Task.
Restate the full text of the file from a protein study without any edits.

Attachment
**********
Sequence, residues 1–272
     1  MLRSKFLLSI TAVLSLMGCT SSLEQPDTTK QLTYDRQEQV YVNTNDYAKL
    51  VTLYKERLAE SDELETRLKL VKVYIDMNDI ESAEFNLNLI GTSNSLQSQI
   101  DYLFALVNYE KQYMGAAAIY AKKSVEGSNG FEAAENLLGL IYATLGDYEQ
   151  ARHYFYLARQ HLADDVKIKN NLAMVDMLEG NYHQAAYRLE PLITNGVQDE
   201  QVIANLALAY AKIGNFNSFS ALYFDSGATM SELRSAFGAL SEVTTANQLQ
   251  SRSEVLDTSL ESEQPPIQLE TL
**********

Sequence, residues 1–272
     1  MLRSKFLLSI TAVLSLMGCT SSLEQPDTTK QLTYDRQEQV YVNTNDYAKL
    51  VTLYKERLAE SDELETRLKL VKVYIDMNDI ESAEFNLNLI GTSNSLQSQI
   101  DYLFALVNYE KQYMGAAAIY AKKSVEGSNG FEAAENLLGL IYATLGDYEQ
   151  ARHYFYLARQ HLADDVKIKN NLAMVDMLEG NYHQAAYRLE PLITNGVQDE
   201  QVIANLALAY AKIGNFNSFS ALYFDSGATM SELRSAFGAL SEVTTANQLQ
   251  SRSEVLDTSL ESEQPPIQLE TL